mast setup

This is the completed setup. The only component I didn't already have was the standoff bracket for the ADS-B antenna. One reference antenna is directly on top of the mast, and the other is offset slightly just beneath it. This isn't a completely optimal situation, because the GPS antennas could possibly mask each other slightly, but this is really a non-issue. The issue is getting it up on the roof.

mast ground

I had that mast assembled and parked in the basement for a few months before putting it up. A combination of factors held up that step - timing, weather, and, of course, the actual "how" of getting the thing hauled up 30ft and mounted to the side of the house. In the photo above, all that is shown is the top of the mast. The mast itself is a six foot long piece of half inch steel tube, and on the bottom and about four feet up are two brackets that stand it off about six inches from the side of the house. The top bracket attaches to the peak of the roof, and the bottom one attaches to the top of the window frame.

I eventually decided on the tried and true fiberglass extension ladder for my method of going up. I looked into hiring help or renting a lift or something, but those options were prohibitively expensive. Renting a 32 foot ladder from home depot was only about $50, plus about $40 to buy a ladder stabilizer to offset it sufficiently from the side of the house, and of course provide some additional stability for me.

car ladder

Frankly one of the most difficult parts of the whole process was standing the ladder up against the side of the house. Between my wife and myself we managed, but it wasn't quick and easy. The ladder with the stabilizer was probably only about 70-80lbs, but when that's a 30-some foot lever swinging around in the air, things get interesting.

I didn't get any pictures of the mounting process when I was up there, but there's really not a whole lot to say. I wasn't entirely certain how I was going to actually get the mast up there with me. Initially I suppose I figured that I was going to carry it up with me, but after the first time going up the ladder it was clear that wasn't going to be a realistic option, simply due to the fact that it was too heavy and the mounting brackets would get caught on the rungs of the ladder. What I settled on, much more reasonably, was dropping a rope over the ladder stabilizer, tying it off on the mast (at the bottom and top, so it would come up straight), then climbing up to the top and pulling it up. There I could relatively easily brace it into position and drive in the lag bolts.

house ladder

There are three coaxial cables coming off, one GPS antenna is running down the front roof edge where it then drops down along the street power conduit, then pops into the basement, feeding the GPS receivers on the rack. The other GPS and ADS-B lines run into the eave vent and then drop through the ceiling right there into my office.

There's also a heavy bare copper wire (6ga, I think) clamped to the mast, running down the same path as the line going to the basement. Rather than going to the basement it's terminated as a proper grounding stake underneath our power meter.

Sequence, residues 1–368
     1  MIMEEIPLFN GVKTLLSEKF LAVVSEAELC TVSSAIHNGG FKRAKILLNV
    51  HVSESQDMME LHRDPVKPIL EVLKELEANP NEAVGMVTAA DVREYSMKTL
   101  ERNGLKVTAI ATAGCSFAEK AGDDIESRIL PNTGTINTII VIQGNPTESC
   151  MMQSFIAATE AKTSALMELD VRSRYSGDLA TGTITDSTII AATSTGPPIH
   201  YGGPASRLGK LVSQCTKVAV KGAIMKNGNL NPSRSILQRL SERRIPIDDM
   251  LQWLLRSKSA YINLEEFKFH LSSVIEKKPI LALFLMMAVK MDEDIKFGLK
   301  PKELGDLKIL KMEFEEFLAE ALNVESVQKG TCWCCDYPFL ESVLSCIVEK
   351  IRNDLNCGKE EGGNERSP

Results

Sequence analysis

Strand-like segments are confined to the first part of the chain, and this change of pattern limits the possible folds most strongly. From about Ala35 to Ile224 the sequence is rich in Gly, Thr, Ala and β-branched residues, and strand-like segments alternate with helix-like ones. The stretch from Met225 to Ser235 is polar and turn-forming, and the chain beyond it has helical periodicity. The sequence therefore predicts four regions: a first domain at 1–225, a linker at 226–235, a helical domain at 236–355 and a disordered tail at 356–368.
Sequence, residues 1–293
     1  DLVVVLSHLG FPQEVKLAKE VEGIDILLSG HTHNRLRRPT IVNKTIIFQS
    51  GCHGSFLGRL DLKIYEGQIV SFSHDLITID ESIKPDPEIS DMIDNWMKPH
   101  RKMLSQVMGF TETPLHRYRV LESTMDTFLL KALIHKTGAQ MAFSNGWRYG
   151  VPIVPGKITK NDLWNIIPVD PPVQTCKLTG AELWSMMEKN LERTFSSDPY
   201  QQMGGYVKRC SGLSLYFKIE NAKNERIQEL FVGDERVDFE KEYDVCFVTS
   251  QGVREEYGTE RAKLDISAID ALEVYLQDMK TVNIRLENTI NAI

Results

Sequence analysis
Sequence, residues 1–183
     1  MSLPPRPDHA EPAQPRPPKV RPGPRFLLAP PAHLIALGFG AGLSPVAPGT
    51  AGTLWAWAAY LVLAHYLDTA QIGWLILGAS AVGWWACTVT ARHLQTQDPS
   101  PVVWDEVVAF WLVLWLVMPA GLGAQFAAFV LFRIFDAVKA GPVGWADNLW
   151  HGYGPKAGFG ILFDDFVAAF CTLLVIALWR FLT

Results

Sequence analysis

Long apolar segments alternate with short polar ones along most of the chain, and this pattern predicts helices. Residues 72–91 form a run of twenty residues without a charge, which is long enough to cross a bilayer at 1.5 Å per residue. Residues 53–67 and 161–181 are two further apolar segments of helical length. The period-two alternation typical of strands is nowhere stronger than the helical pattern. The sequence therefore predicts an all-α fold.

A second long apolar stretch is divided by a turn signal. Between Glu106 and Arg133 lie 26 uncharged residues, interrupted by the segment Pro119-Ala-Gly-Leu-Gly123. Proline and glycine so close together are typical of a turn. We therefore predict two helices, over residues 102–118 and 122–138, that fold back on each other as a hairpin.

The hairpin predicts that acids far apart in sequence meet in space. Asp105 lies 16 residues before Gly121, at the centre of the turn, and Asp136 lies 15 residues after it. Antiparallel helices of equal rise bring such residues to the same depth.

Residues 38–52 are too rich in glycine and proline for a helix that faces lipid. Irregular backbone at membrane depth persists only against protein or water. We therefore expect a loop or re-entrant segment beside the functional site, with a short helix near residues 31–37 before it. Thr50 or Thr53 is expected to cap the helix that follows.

house mast (Yes, I know a few siding shingles are missing up there, it's not a big deal.)

So, how does this setup perform? Well, it performs great. Satellite coverage for both antennas is incredible - there's a hole over the north pole, of course, but now that the antennas are up over the roof line there is great visibility to the south.

gpsd stats

ADS-B varies, of course, given the number of aircraft currently in the air. Coverage is impressive, however, most of Maine excluding the Portland area, and well into New Brunswick. The greatest range that I've seen so far has been about 200 miles, to an airliner at about 40,000ft over the Atlantic, off the coast of Massachusetts.

adsb stats

Quicksilver PSU Fan Replacement

Written by John Miller

Most PowerMac G4s are about 20 years old now, which means they all need some degree of work to run as well as they did when they were new. Fans are one of the most common replacements needed, and in most G4s, the fan in the power supply is the first to go. This post exists to serve as a basic guide for how to replace that fan. In the case of my Quicksilver, it is a standard 80mm x 80mm x 25mm PC fan. I used a part pulled from a few-years-old office PC. It's worth noting that the it only needs power and ground, PWM and sense lines on most modern fans are not connected at all. In my case, I cut them off.

To start, power off the machine and open it. I removed the HDD carriers to give a bit more space.


Remove the optical drive carrier. There are four screws, two at the top, one underneath, and one on the front panel. These screws are the same. It will take some wiggling to get it to come out, and expect the power cables to be VERY stiff if they haven't been removed before.


Now remove the bracket behind the PSU. Three screws, two behind the PSU and one under it. The bracket will pop straight out. After that, remove the big 120mm fan (don't forget to disconnect its power source!) There are two large screws with big flat heads holding it in, one is holding down a black plastic cable wrap, the other is under the fan. The fan will kind of drop out once this is done.

Next comes the rear PSU screws. These are three 2.5mm hex screws. Once removed, the PSU can be slid backwards and then tipped into the case. Once tipped into the case, feed the power cables up through the opening in the horizontal bracket.

With the chassis being nice and empty, this is a good opportunity to clean out any dust that may have accumulated.